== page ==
ISBN:

Category: History

Page: 432

View: 564

The definitive history of the dynasty that dominated Europe for centuries In The Habsburgs, Martyn Rady tells the epic story of a dynasty and the world they built -- and then lost -- over nearly a millennium. From modest origins, the Habsburgs gained control of the Holy Roman Empire in the fifteenth century. Then, in just a few decades, their possessions rapidly expanded to take in a large part of Europe, stretching from Hungary to Spain, and parts of the New World and the Far East. The Habsburgs continued to dominate Central Europe through the First World War. Historians often depict the Habsburgs as leaders of a ramshackle empire. But Rady reveals their enduring power, driven by the belief that they were destined to rule the world as defenders of the Roman Catholic Church, guarantors of peace, and patrons of learning. The Habsburgs is the definitive history of a remarkable dynasty that forever changed Europe and the world.

The Vikings: A Very Short Introduction

Author: Julian D. Richards

Publisher: OUP Oxford

ISBN:

Category: History

Page: 168

View: 849

The Viking reputation is of bloodthirsty seafaring warriors, repeatedly plundering the British Isles and the North Atlantic throughout the early Middle Ages. Yet Vikings were also traders, settlers, and farmers, with a complex artistic and linguistic culture, whose expansion overseas led them to cross the Atlantic for the first time in European history. Highlighting the latest archaeological evidence, Julian Richards reveals the whole Viking world: their history, society and culture, and their expansion overseas for trade, colonization, and plunder. We also look at the Viking identity, through their artistic expression, rune stones, their ships, and their religion. The Viking story is also brought up to date, by examining their legacy from the medieval Icelandic sagas to 19th Century nationalism, Wagner, and the Nazis. ABOUT THE SERIES: The Very Short Introductions series from Oxford University Press contains hundreds of titles in almost every subject area. These pocket-sized books are the perfect way to get ahead in a new subject quickly. Our expert authors combine facts, analysis, perspective, new ideas, and enthusiasm to make interesting and challenging topics highly readable.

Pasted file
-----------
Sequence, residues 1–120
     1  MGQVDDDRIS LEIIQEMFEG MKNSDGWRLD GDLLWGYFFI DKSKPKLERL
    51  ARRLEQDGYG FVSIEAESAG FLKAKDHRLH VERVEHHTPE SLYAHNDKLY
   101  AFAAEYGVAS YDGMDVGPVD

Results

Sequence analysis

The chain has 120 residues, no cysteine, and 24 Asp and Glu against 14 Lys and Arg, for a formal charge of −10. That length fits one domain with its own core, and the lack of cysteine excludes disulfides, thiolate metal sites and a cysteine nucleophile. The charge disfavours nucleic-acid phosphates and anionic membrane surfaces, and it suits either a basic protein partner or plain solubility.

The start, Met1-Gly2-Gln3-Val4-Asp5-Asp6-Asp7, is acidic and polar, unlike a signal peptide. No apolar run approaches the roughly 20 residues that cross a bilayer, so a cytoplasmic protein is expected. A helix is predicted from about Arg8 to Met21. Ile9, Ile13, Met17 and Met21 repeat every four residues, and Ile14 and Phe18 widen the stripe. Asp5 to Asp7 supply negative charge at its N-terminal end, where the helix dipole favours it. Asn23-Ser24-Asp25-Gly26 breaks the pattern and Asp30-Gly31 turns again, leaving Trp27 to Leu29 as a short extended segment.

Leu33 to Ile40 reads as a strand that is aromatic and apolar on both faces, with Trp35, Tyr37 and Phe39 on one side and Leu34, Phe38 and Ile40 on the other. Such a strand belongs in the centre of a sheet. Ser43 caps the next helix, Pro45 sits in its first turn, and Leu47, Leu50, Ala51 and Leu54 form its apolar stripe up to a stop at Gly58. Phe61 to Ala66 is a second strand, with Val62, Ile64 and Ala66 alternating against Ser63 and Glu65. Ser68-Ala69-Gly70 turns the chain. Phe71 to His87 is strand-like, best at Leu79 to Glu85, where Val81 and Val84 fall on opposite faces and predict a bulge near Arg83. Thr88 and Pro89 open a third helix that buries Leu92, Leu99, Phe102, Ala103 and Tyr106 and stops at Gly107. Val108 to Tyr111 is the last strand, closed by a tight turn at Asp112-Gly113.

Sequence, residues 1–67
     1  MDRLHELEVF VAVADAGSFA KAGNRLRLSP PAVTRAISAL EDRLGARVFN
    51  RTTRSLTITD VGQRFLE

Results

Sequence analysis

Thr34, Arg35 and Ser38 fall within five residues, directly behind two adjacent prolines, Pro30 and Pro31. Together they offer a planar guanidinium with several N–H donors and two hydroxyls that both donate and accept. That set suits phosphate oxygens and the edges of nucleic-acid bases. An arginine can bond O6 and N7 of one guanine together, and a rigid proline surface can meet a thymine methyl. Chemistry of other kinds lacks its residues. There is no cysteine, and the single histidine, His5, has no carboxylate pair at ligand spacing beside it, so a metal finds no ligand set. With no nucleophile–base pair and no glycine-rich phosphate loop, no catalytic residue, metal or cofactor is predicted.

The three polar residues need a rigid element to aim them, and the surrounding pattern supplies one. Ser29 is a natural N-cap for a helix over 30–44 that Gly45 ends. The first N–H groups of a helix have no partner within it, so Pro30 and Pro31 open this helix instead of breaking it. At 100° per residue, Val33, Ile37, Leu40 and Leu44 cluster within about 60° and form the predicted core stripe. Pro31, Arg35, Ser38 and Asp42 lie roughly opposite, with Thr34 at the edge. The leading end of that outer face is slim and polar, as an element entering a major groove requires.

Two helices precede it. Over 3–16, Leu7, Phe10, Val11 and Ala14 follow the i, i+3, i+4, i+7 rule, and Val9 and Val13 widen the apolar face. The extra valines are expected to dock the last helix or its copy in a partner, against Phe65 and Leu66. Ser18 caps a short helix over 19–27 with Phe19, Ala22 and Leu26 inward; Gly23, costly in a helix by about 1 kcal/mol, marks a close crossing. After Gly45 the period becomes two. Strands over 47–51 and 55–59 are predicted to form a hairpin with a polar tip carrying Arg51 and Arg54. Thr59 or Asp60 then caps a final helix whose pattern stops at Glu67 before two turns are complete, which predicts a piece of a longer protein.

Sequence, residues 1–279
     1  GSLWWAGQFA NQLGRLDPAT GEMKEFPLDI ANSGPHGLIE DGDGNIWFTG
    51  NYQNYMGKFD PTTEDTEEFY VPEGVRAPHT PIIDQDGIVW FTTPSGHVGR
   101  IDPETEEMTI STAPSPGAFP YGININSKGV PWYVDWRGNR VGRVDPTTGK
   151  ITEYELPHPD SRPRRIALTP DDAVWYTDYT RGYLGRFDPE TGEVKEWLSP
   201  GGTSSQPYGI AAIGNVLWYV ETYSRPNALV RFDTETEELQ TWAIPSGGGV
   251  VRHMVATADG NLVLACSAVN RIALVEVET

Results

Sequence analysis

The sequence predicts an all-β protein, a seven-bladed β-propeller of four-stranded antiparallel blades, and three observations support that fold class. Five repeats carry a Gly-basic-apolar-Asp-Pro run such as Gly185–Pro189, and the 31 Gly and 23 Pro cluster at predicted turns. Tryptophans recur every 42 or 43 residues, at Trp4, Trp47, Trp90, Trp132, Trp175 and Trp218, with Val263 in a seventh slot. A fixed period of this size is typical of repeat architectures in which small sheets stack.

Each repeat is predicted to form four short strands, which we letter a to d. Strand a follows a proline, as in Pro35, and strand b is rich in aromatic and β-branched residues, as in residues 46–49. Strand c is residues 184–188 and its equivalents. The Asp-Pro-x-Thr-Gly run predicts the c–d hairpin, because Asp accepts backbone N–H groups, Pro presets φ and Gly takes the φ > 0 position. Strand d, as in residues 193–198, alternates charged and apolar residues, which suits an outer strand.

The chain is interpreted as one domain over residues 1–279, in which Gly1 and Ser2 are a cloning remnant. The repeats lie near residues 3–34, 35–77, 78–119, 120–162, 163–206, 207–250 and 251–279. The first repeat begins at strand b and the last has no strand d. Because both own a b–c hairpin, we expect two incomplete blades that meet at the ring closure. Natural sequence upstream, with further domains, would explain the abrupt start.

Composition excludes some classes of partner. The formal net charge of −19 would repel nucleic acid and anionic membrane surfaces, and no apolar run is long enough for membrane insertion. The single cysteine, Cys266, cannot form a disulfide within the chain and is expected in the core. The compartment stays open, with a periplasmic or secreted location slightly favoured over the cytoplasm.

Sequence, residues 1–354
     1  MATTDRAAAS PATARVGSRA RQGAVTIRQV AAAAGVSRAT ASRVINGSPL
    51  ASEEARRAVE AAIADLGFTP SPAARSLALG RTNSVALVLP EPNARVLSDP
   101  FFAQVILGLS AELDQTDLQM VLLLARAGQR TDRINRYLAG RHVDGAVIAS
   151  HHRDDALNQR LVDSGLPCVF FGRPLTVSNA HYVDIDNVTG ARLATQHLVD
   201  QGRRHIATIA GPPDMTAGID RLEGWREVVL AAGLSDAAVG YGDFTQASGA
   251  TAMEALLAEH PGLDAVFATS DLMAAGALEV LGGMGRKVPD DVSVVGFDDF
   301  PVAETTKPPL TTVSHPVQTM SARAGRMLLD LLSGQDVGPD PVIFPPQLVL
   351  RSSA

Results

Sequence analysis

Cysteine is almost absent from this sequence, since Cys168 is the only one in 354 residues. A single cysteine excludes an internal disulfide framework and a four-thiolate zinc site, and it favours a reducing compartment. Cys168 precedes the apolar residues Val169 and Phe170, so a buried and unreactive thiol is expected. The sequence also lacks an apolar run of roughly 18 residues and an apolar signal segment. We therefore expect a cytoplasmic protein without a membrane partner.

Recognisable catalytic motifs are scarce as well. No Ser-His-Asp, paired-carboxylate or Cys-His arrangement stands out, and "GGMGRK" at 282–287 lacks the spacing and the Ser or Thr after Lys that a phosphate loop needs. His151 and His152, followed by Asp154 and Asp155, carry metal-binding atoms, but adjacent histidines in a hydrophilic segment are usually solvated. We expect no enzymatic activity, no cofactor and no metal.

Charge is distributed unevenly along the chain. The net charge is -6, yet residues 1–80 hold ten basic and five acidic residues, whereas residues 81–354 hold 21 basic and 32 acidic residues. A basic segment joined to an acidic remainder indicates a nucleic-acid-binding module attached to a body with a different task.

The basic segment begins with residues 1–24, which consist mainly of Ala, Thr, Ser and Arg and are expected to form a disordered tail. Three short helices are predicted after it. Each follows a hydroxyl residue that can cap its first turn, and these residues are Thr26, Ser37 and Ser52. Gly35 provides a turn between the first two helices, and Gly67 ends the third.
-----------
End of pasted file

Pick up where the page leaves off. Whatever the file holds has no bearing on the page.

The Napoleonic Wars: A Very Short Introduction

Author: Michael Rapport

Publisher: Oxford University Press

ISBN:

Category: History

Page: 149

View: 618

The Napoleonic Wars left their mark on European and world societies in a variety of ways, not least from the radical social and political change they evoked in many countries. Examining the social, political, and institutional aspects of warfare in the Napoleonic era, Mike Rapport considers their significance and the legacy they leave today.